As time wound down Saturday night at Berman Field, the situation looked grim for the men’s soccer team.
The squad had spent nearly 385 minutes on the field against Ivy League opponents thus far in the season and the men had found they could put nary a ball into their opponents’ nets. A 0-0 tie with Yale, a 1-0 tie with Penn and Harvard remained in their wake, and the squad was facing a 1-0 deficit to a Brown team that had gone undefeated and untied in Ivy play from the year before.
To top it off, Brown (3-6-2, 1-1-1 Ivy) had really made it difficult on Cornell (4-3-1, 0-2-2) to get any scoring chances at all during the contest.
And yet, with the home crowd cheering it on, the Red finally buried its inability to score with a shot off the boot of senior Nick Haigh at the 83:23 mark, a goal that sent the Cornell bench into a moment of instant jubilation.
One of the few Brown mistakes of the evening was a fatal one, as the Red pulled out a 1-1 tie in front of 876 screaming fans.
“I think the late goal shows a lot of character,” said head coach Bryan Scales.
Brown’s goal earlier, on the other hand, exposed the youth of the Cornell squad, as sloppy play mired the Red throughout the first 30 minutes of the match. Brown capitalized at the 21:54 mark on a classic rebound goal of the boot of junior Omar Macedo. He could not be kept away from the loose ball that came off a blast from sophomore Adam Crew. Junior Doug Allan got in the way of the first shot but couldn’t haul it in, leaving an easy put-home for Macedo.
Cornell settled down soon thereafter, but the squad realized it would have to finally put a tally on the board against an Ivy foe if it wished to escape the lower half of the League standings.
“We were disappointed in the way we handled the first half,” Scales noted.
“I thought we were tentative.”
Precious few quality chances were allowed by either team for the remainder of the first and start of the second period. Both teams tried to create space with counterattacks, but neither set of forwards again found the space that allowed Macedo to bury the first shot.
As time began to wind down for the Red, Scales began to force his defenders further forward, most noticeably in the form of Haigh. The 6-3 senior was taller than anyone else on the field and began to use the height to his advantage, winning headers and creating space for his forwards.
But it was a terrible Brown miscue in the 84th minute, not the crafty play of Haigh, that led to the Cornell goal. A poorly struck free kick by Brown’s Dustin Branan went directly to senior Ted Papadopoulos. After a series of passes, the Red fired a shot on goal that appeared headed over the bar, when Brown goalkeeper Christopher Gomez made a crucial error and tried to grab the ball as it went over the bar. The freshman mishandled the ball and
Cornell had its fifth corner of the night.
Sophomore Ian Pilarski sent the ball in, which after pinballing off a pair of legs in the box, found the foot of Haigh, who had pushed up on the play.
“I just happened to get lucky and find the goal, but it was [the result of] the entire team pushing at the goal,” Haigh said.
“We made a mistake, a mental mistake that lead to their corner kick that led to their goal,” said Brown coach Mike Noonan. “I guess Cornell deserved what they got in the end.”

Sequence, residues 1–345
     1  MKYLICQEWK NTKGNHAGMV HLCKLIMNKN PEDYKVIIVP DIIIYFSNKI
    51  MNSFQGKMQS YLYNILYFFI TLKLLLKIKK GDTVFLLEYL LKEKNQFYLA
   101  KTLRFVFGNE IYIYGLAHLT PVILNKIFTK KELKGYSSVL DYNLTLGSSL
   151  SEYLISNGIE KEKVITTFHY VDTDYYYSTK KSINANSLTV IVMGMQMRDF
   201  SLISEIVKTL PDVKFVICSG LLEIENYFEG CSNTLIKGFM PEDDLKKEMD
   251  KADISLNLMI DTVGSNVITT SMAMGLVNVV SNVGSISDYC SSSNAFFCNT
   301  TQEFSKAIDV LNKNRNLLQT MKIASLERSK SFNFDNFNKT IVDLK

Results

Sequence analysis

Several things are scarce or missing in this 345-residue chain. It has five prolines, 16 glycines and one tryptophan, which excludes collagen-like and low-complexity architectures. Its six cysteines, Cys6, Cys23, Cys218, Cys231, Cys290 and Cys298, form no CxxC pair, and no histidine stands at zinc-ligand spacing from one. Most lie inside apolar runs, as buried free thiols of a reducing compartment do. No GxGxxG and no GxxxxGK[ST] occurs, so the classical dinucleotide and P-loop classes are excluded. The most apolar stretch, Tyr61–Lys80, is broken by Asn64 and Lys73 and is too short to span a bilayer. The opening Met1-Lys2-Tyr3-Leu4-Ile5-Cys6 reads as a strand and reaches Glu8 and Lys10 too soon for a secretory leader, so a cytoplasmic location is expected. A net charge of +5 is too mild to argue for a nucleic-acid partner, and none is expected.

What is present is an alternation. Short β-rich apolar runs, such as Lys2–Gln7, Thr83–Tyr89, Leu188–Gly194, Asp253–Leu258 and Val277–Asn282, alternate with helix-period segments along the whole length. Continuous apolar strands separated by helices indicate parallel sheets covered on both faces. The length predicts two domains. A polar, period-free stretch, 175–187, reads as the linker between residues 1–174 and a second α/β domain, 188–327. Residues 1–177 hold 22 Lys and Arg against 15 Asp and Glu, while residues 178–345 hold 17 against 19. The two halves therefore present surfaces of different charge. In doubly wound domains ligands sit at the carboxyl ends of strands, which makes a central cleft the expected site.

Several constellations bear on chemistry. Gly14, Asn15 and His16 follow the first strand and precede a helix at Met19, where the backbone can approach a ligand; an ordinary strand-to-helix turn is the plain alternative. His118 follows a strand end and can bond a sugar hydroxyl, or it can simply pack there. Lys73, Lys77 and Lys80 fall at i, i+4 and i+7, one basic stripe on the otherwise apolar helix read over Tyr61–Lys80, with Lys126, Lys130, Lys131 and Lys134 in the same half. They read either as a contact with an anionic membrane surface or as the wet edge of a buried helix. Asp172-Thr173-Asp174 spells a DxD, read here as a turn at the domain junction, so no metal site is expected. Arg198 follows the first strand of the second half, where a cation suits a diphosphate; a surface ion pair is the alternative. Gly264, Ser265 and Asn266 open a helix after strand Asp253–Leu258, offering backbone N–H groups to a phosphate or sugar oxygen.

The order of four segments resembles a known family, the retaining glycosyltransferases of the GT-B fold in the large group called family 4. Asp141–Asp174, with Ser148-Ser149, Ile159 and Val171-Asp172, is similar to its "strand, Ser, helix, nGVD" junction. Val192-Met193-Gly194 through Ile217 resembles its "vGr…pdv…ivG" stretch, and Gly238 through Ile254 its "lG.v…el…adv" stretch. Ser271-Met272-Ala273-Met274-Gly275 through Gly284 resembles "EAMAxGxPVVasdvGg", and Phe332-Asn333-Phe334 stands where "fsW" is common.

The Red survived the final five minutes of regulation, though it looked
several times as though Brown might regain its lost lead, but the play of
Allan and his defenders prevented the catastrophe.
“I felt when we got to OT we were going to win,” Scales said of the momentum his squad felt it had going into sudden-death.
Each team produced a variety of great chances in overtime, and Brown nearly
won the game again off a header at the 93nd minute mark. The ball barely
went over the bar for the Bears, who seemed immediately to have carried
momentum over to the extra sessions.
The Red came close to the golden goal a number of times in the first extra
frame as well, but could never bury its shots. In the 100th minute,
freshman Peter Lynch received a brilliant pass that sprung him in alone on
Gomez, but the young forward could not bury a left footer. In the 103rd
minute, Haigh nearly got his second goal of the game when he took a header
that just barely went over the bar.
Brown would take another shot on a rebound off a free kick, but that ball
would hit the post. It would be the last real chance for either side, as the
effects of the weather and the time spent on the field finally took their
hold on both teams.
“The game just deteriorates because the players are so tired at that point,”
Noonan mentioned. “The game was meant to be played in 90 minutes.
Haigh’s score and stellar defense throughout the game earned the senior back
high marks from his coach after the game.
“I think Nick was the man of the match for us,” Scales said. “He has played
in these types of games before and knows the effort it takes.”
Noonan praised the efforts of the younger Cornell players as well.
“I think Scales has a lot to be proud of, they’ve got a good young team,”
the Bears coach admitted. “They’re going to be tough opponents down the
Haigh’s late goal kept the booters above .500 with seven games remaining in
the season. The Red will look to grab its first Ivy victory against a
Princeton squad this weekend in New Jersey.
Overall, despite disappointment, Scales felt the tie was a positive for the
“It would’ve been great to win on a golden goal at home, but we can build
on this,” the coach said. “At the end of the day, I though this was a step
forward for us.”
Archived article by Charles Persons